A Christmas to Remember
December 8, 2020
The year 2020 began with a lot of hope. It signaled the beginning of a new decade. The economy was bustling along. Things were prosperous. Then, COVID-19 hit with a vengeance in March and life as we knew it came to a screeching halt. If you told someone a year ago we would all be wearing masks and doing something called social distancing, you would have gotten a very strange look. But, it is the “new normal” that we live everyday, along with a lot of restrictions.
Beginning with Easter and most recently, Thanksgiving, things were either cancelled or modified to be on the safe side of the virus. But, what about Christmas? Will people continue to Zoom along for family gatherings? Or will they keep traditions the same like any other year?
We asked people what they will be looking forward to or what they will miss this year. Crystal of Madison Township, Lackawanna County, said, “HUGS!!!! I Miss HUGS!!!! Handshakes and dinner with family.” Nancy of Thompson, Susquehanna County, said, “I miss church services; especially Christmas Eve service. I also miss the grandchildren's school programs, concerts, etc. Another thing is that my sister and a friend have gone to the Pennsylvania Christmas & Gift Show in Harrisburg for a number of years and that was canceled this year. So I’ll miss that day out with them. I’m also missing the craft shows that have been canceled; particularly the one at Lake Ladore in Waymart. All the crafters who depend on this income are missing out also.” Helen of Herrick Center, Susquehanna County, said, “I miss seeing all my relatives. lots of hugs and kisses.” Lucille of Hanover Township, Luzerne County, said, “Really miss all the Christmas get togethers/parties/special concerts/shows/my son’s dances. I’m still making my traditional Christmas Eve fishes dinner and Christmas brunch because we are a small group.”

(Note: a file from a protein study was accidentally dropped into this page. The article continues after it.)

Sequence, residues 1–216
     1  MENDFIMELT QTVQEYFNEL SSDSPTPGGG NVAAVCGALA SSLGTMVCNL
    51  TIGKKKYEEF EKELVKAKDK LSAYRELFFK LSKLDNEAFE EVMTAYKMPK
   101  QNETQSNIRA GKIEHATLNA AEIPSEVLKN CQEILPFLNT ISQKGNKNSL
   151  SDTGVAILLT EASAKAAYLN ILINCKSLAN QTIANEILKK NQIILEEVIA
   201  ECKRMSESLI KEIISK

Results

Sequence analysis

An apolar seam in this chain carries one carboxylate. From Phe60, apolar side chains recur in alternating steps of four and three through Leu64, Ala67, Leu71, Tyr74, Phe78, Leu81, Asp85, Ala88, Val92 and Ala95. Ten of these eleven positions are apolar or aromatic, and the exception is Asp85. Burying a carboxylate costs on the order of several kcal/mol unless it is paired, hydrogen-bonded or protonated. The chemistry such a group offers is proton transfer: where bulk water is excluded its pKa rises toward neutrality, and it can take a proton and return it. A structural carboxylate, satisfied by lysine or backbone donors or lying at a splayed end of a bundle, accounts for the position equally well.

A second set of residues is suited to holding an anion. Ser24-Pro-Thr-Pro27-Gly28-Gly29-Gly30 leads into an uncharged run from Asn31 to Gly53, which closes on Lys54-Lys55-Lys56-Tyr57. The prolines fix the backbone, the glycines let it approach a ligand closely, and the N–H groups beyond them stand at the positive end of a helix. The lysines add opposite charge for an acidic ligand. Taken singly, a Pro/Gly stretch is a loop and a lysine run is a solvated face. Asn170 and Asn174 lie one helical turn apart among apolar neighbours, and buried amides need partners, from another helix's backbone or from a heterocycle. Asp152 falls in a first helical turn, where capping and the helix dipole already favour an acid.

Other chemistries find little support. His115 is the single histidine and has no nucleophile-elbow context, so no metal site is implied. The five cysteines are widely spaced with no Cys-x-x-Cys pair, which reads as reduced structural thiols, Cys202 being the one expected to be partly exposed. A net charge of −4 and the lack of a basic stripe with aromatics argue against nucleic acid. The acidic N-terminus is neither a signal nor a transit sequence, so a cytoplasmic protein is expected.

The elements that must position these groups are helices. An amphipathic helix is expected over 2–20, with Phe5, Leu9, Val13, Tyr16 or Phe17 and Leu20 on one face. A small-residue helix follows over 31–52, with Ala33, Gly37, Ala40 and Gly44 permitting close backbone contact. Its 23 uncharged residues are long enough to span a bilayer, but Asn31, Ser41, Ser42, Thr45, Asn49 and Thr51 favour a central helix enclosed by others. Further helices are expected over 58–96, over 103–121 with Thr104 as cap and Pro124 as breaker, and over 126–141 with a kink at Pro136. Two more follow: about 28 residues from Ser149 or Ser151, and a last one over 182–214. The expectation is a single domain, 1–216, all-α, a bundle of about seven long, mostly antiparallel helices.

Mary of Clinton Township, Wayne County is looking forward to one thing. “I am interested in seeing how things are going to play out with church. See if people will attend. I am looking forward to celebrating Jesus’ birth most of all,” she said. She also mentioned things that she will miss, “I am going to miss the freedom to get together with friends, work parties, having people over for dinner. We used to have people over for the holidays. Getting together with family. I have two sons that live out of state. We would be free to visit with them and with our (she and husband’s) grandkids. You can’t just pop in and say hello if you are carrying something. I doubt that there will be singing for Christmas. I would like to see more people in church but there will be more exposure. I feel people will become more complacent (if they don’t go),” she said.
Barry Searle, Clifford Township, Susquehanna County, said he isn’t changing a thing. “I refuse to change. I am too much of a libertarian. My sons and daughter have come in. I will see my grandchildren. We celebrated for Easter, Thanksgiving and will celebrate for Christmas. I am an elder in the Clifford Baptist Church. We refuse to close and we don’t wear masks. I have a real problem with the shutdown. It’s government overreach. You have people for years that have died from the flu and from suicide. The whole shut down is political. I wear the mask when I am in the doctor’s office or Walmart. The shutdown is committing economic suicide. I can’t support it. An example of this is AA (Alcoholics Anonymous). They have their meeting at our church. Those people need the support group. It would be terrible if the governor shuts it down. The entire situation is blown out of proportion. There are people who have conditions that need protection. They don’t need to close schools. They are trying to destroy society. The ruling class is trying to make a group of mindless people with no education. There will be an upper class and a supporting class,” he said. Searle, who is also a Clifford Township Supervisor, strongly disagreed with the cancellation of all the events in the township this year, including Parkfest, which would have been held in September, Trunk or Treat and the Village Christmas event, so much so that he announced that he would not run for reelection when his term is up next year. “I didn’t approve of shutting down Parkfest and everything being shut down. When some people decided to close down Parkfest, we saw an incredible decrease in volunteerism,” he said.
However you feel this Christmas season, don’t let the Grinch, aka, COVID-19, steal your Christmas spirit. Celebrate however you feel the most comfortable Merry Christmas!